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The Darsena – harbour – is at the point where the Naviglio Pavese and Naviglio Grande canals meet. It was once an important node for water-borne transport and trade.
Located near Porta Ticinese, it occupies the space in which the Laghetto di Sant’Eustorgio was once located, receiving its names from the nearby basilica.
Furthermore, the Darsena, once connected to the circle of the Navigli, constituted the joining ring with a water circuit, which was for centuries the main channel of supplies, transportation, and commercial traffic in the city.
Today it is the hub of the Navigli neighbourhood, with music locales, restaurants, pubs, traditional osterie, little markets, and antique fairs on weekends.
This year Milan’s docklands area has undergone a major redevelopment and the city has reclaimed its port, both as a functioning navigation route with numerous mooring and berthing facilities and as a recreational destination; a pleasant outdoor venue for a stroll along the pedestrian walkways, a meeting with friends or a snack with panoramic views. Plus, the Mercato Comunale (municipal food market) provides indoor and outdoor shops for buying, or even just tasting, high-quality fresh food. Grab a drink and enjoy the evocative views over the water and the leafy banks at sunrise or sunset…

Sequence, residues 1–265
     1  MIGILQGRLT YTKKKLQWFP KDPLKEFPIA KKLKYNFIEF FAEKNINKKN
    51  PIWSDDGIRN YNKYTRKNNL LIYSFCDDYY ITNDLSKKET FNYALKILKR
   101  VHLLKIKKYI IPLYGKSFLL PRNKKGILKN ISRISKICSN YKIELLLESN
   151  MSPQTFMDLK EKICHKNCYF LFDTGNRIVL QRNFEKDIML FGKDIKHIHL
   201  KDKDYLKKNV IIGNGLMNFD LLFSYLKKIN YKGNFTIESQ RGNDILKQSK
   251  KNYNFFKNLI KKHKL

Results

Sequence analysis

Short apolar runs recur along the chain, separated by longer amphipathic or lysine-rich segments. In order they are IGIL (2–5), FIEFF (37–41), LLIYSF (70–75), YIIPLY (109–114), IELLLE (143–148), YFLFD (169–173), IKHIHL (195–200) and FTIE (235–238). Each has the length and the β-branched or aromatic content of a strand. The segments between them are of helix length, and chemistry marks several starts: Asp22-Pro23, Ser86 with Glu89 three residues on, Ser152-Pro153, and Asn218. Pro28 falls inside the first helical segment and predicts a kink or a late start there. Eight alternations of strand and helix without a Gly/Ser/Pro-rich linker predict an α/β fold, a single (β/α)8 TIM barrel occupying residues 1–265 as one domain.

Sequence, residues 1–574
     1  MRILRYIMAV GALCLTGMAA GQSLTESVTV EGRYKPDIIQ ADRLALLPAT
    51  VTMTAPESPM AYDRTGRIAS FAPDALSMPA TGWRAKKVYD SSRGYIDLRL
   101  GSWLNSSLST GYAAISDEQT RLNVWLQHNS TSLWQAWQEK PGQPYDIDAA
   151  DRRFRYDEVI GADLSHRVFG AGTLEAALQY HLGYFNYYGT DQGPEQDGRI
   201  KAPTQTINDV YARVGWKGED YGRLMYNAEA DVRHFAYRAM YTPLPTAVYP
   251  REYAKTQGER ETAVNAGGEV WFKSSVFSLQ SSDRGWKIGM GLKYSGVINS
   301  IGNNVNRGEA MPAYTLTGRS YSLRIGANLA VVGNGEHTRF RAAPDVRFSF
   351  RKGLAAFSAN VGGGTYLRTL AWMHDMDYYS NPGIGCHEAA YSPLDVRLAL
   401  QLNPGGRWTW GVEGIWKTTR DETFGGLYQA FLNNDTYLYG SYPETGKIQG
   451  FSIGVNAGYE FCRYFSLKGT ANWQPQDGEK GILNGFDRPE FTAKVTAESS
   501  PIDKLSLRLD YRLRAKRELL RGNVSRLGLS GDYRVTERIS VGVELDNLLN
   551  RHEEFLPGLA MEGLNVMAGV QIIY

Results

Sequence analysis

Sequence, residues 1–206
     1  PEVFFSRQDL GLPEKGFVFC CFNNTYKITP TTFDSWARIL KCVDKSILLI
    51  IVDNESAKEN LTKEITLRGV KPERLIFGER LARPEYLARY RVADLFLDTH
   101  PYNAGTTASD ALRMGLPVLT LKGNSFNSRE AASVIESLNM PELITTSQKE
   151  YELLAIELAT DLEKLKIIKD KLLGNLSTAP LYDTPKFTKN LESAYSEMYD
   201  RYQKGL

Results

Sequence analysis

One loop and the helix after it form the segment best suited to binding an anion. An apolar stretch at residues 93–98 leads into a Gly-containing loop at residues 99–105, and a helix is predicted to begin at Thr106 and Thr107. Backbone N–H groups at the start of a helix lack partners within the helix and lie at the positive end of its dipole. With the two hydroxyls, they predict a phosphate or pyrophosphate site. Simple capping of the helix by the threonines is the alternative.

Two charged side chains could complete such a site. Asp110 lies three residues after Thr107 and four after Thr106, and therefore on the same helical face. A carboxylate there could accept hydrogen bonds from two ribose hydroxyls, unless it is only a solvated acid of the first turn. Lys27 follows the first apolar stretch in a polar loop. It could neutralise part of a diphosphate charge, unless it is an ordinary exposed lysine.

The area of Porta Ticinese and Corso San Gottardo contained a neighbourhood founded in the 1600s that had a courtyard house. This type of building, still visible in some parts of the neighbourhood, is called a “banister house” because one entered into these houses through the galleries that are visible from the floors above the façades. The ground floor, rather, was usually occupied by stores and shops, especially by cheese makers, who used it to make and preserve their cheeses.